Faith Communities Helping Addicts

on Monday, 02 April 2012. Posted in Voices in Recovery

A colorful banner outside a church in Oklahoma catches attention, but it is not a banner to promote a new sermon series or a children’s activity, but instead it is a banner to advertise help for those with addiction.  According to Tulsa, faith communities have known there are people sitting in their pews struggling with addiction, and now some places of worship offer or host recovery programs.

Micah Hobbs, who oversees the Celebrate Recovery ministry at Memorial Road Church of Christ, said, “People in the church are just as broken as people who are not in the church.  But the reality is we are all broken and are in need of healing and hope, encouragement and support.”  Celebrate Recovery was founded in 1991, with the goal of overcoming life’s issues with a 12-step program based on Christian principles.  This program addresses any kind of habits, hurts, or hang-ups.  The purpose is to focus on God’s healing power through the 12-steps, and the program is conducted by Christians who have been through 12-step recovery.

Many AA and NA meetings are held in churches, and churches have long since been supporters of recovery and 12-steps.  Some faith groups have developed programs to teach clergy about addiction.  The addiction ministries for the Oklahoma Conference of the United Methodist Church offer an education program and a support group.  The 12-day education program is open to anyone who has been clean and sober for two years.  It covers the addictive mind, the spiritual dynamics of addiction, and and how substance abuse impacts faith communities.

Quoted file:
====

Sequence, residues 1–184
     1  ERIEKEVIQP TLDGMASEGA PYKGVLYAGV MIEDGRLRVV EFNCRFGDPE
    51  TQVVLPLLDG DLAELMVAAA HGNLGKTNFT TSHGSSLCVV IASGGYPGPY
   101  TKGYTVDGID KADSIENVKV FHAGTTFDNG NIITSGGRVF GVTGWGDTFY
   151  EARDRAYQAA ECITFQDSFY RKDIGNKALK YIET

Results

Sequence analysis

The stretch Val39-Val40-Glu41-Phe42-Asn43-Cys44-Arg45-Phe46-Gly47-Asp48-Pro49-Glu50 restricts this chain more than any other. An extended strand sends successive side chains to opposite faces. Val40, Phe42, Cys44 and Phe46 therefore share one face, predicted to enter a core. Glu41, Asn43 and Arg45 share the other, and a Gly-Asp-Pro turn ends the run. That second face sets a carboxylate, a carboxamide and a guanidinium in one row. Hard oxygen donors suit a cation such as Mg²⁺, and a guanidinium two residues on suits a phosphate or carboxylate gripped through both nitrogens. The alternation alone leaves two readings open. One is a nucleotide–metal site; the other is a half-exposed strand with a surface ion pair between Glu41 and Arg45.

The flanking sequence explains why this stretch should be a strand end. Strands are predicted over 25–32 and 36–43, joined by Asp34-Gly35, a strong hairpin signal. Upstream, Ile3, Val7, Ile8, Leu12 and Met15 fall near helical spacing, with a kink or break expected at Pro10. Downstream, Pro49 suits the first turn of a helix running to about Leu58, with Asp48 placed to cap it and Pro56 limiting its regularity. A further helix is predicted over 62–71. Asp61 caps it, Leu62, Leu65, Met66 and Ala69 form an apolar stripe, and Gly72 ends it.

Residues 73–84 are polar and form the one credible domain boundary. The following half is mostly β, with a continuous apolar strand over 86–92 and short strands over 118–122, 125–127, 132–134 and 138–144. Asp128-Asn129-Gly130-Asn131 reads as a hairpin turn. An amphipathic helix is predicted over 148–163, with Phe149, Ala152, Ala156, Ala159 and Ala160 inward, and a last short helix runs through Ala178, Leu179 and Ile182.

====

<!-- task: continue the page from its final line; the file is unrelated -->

The United Methodist Church supports Faith Partners, a program creating teams in churches to help people deal with addiction. A Faith partner team may have a member in long-term recovery that the pastor can call on to take someone to a meeting that day, immediately.  An Oklahoma City rabbi said the Jewish faith deals with addiction slightly differently, in a more “straightforward manner,” where the addict most often deals directly with the clergy.  Followers of Islam historically engage in practices that bring them closer to God when they are having trouble overcoming sin.

Read the full story here.